Back in January, I was wracking my brain about how to make assessments go better in my classes; there was too much stress, too much concentration on the wrong things: it felt too much like a big bad test that everyone should be stressed out about. So I thought to myself, what if they could take a break, take a walk, talk about the test, get rid of misconceptions and jitters, etc.
And that's what we did. Evolution: Phase 1 I didn't really have a good idea about how to do this the first time, so I was kind of loose with everything. "Work on the test for 10 minutes, then we'll take a walk. Come back, work for another 30, we'll do it again. then 20 minutes to finish." The idea here was to have some time to get into it, then ask questions that might have come up, then some more work, then final questions. I didn't talk or answer any questions. I let students take notebooks and pencils with them, and bring them back into the room.
Student Feedback
After each class's first test walk, I asked for some feedback about the process:
Ok, nothing really shocking there. I used the "cheating" results to have some conversations about why I write assessment questions the way I do, why I ask for so much from one question, why my assessments are only 12 questions.
The next few questions on the survey gave me some more interesting feedback (summarizing and cherrypicking some results here). Did anything bother you about taking a break during the test?
Describe any suggestions you have for how we can make tests less stressful.
Phase 2: Teachers with more foresight than me probably know exactly what went wrong with this: some students used the breaks, especially the last one, to just copy each others work. Of course they did! The process with the rest of the classes in this first round of tests allowed us to have some great discussions about how to show your understanding (and how to show that it's YOUR understanding). I pretty quickly stopped letting students take notes or any paper with them, instead sending a basket of whiteboards and markers with them that got erased before they came back into class. I also got rid of the second break: work 10 minutes, 10 minutes to discuss, 40 minutes for the rest of the test. Results? I don't have really good data on this. Visual modeling increased, but also paragraphs of writing where some good algebra steps would do just fine. "Less tell, more show!" became my most often used comment on assessments. I think it "felt" better, at least to me. At least most of the time. It also gave me some more freedom (along with some more directed testprep on my part) to ask more openended questions: "Make up your own triangle and solve it to show me you understand trigonometry". Then there was The oblique asymptote incident: So, one of my precal sections, my "difficult" class, last period of the day, test over rational expressions and functions, Illustrative Math question about fuel efficiency... In this class, I have one student who's way ahead of everyone, a transfer this year from another school where his algebra 2 class covered most of what I have to cover to meet the needs of the students here. He's the "go to guy" during test walks, the one the other students crowd around. He and I had had a discussion about a similar problem, and and how to tie the idea of an oblique asymptote to the context and the solution. It wasn't something that most of the students were ready for, but he was. Here's some of the nonsense I got back on this test:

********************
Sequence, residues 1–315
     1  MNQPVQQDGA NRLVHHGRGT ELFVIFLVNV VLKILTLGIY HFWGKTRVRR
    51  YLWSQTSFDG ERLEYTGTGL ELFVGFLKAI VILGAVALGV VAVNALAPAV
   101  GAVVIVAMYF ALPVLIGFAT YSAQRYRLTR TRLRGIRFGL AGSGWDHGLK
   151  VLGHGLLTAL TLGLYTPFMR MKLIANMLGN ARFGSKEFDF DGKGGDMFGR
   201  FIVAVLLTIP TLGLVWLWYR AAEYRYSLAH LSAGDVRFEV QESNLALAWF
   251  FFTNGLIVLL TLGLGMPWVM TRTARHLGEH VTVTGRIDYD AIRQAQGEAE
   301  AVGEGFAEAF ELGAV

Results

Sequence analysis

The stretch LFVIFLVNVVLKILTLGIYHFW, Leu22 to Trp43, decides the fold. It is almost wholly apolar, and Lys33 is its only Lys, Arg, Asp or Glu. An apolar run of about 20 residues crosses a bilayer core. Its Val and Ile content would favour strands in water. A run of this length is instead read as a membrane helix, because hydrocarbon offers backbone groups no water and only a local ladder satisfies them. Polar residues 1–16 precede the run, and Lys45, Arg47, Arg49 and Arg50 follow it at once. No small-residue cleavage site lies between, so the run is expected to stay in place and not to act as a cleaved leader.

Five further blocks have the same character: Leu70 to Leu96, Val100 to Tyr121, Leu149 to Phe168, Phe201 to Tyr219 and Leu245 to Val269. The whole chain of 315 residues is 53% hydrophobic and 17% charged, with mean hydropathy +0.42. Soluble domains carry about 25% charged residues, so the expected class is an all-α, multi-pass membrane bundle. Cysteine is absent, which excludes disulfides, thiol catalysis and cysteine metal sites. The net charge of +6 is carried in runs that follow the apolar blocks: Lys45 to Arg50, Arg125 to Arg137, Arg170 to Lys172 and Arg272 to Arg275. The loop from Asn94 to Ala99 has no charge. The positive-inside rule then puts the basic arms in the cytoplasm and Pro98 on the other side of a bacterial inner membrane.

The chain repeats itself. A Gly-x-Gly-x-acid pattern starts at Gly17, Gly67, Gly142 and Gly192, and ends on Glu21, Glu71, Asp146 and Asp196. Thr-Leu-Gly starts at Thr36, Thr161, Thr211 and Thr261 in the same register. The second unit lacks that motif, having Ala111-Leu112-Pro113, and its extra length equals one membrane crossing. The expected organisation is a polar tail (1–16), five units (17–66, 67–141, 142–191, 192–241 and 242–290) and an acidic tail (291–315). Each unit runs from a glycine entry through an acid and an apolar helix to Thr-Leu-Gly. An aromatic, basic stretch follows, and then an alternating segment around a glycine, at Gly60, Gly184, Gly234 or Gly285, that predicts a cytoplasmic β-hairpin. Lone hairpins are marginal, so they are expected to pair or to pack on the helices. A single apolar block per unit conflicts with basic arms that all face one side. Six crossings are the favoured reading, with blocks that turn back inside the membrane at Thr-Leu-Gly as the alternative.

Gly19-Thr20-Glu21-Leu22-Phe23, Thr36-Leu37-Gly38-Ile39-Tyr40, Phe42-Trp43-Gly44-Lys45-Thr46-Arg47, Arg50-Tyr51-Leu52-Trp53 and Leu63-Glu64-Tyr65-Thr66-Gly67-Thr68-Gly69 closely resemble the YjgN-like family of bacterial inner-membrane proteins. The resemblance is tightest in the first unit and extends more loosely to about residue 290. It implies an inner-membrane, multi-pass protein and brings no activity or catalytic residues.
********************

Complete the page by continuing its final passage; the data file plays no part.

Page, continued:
I threw these and a few others into a presentation (yes, along with some positive things, too) and used it to have a very pointed discussion about cheating. I also found ways to remove this student from the conversation during walks (by having my own conversation with him) so that the others wouldn't get distracted by things they're not ready for.
Phase 3: I settled on a 3 minute reading period (look over the test and strategize: no talking, no writing, no calculators) followed by a 10 minute walk before each test, with whiteboards if students want to use them. Some students still try to memorize the entire problem and get classmates to give them the "answer" (whatever that means), but this is where I think I can feel comfortable. This is what I did for the rest of the year. Reflection: Why do this? Test walks are a pain in my ass, mostly because they cause me to spend so much time thinking about and watching for academic dishonesty. I'm not sure if they really help with assessment results because I'm too lazy to do a real look into the scores, and my records aren't good enough to call this useful data yet. I still have assessments where the majority of students miss the mark completely and/or give nonsense answers to questions. I do this, and I'm going to continue to do this, because of the mathematical discourse it produces. The "pressure" of these discussions produces the best mathematical discussions I ever get to witness, even from the students who are the most disengaged in the classroom. Students argue their case, critique the reasoning of their classmates, ask questions, and don't stop asking until they get it. On one of the last walks this year I tried to capture this in a video. It's kind of hard to hear what they're saying, but you could probably get the idea with the sound off.
So, the question I'm working on now is: How do I get this kind of engagement as a normal part of my classroom... without having to give a test every day!

Jon LindLet's see if I can keep up with a blog! Archives